Based on Apple Store images, a new Brazilian report infers that Apple may assemble the iPhone SE in the region, in part to circumvent local import laws that drive up the retail cost.
It's possible that Apple may be planning to assemble at least some of its iPhone SE units within Brazil. If it does, then that would probably mean it escapes having to pay import costs within Brazil — and would also contribute a little to lessening Apple's dependency on factories in China.
The claim has been made by the Brazilian publication iHelpBR, which says (in translation) that "Apple itself indicates that the iPhone SE 2020 will be assembled in Brazil."
iHelpBR says that images of the iPhone SE on the Apple Brazil website include at least one where the words "Industria Brasileira" are written on the back. Literally translated as "Brazilian industry," it effectively means "Made in Brazil."
The publication shows a screengrab from the Pre-Order page. It's the graphic that appears after you have picked a color. At least the white model showed this text.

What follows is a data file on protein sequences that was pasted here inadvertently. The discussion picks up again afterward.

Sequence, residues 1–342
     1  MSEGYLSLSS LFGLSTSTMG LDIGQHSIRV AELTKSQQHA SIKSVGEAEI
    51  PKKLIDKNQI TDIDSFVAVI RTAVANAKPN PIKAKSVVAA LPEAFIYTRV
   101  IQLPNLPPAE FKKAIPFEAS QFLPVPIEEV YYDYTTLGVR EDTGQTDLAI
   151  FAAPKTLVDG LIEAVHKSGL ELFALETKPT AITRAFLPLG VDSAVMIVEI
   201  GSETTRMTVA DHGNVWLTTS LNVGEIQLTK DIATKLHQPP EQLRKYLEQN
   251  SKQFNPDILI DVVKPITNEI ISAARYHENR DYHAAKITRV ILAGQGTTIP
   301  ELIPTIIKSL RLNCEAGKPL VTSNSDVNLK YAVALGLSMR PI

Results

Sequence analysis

However, the images on Apple Brazil site currently show no such marking. The publication claims that within a short time after its report, Apple replaced the images.
If correct, though, assembling the iPhone SE in the country would have benefits for Apple and for its customers. There is a significant difference between assembly and manufacture, however. iHelpBR compared the costs of existing imported iPhones.
A straight currency conversion, without any fees, would see the $399 iPhone SE sell in Brazil for approximately 2,113 reals. As it is, Apple's pre-order page pegs that phone at 3,699 reals — or the equivalent of $700.
It's common for iPhones to cost more overseas, in part because other countries include taxes in the retail price. So in the UK, for instance, a $399 iPhone SE sells for GBP 419, or the equivalent of $523, partly because of the country's 20% value-added tax.
iHelpBR, however, notes that at least some of the extra costs for Brazilian buyers is down to how that country charges import duty on certain items. An iPhone that was assembled in Brazil would cost less there. It would still be more expensive than if the entire phone were actually manufactured in the region, however.
Apple could see this as a way to either reduce its dependency on Chinese assembly, or to make the iPhone SE more appealing in Brazil. However, it would be most likely to make that decision to provide a cheaper option now, when the iPhone SE is first going on sale.
That said, Brazil did take many years to support Apple Pay.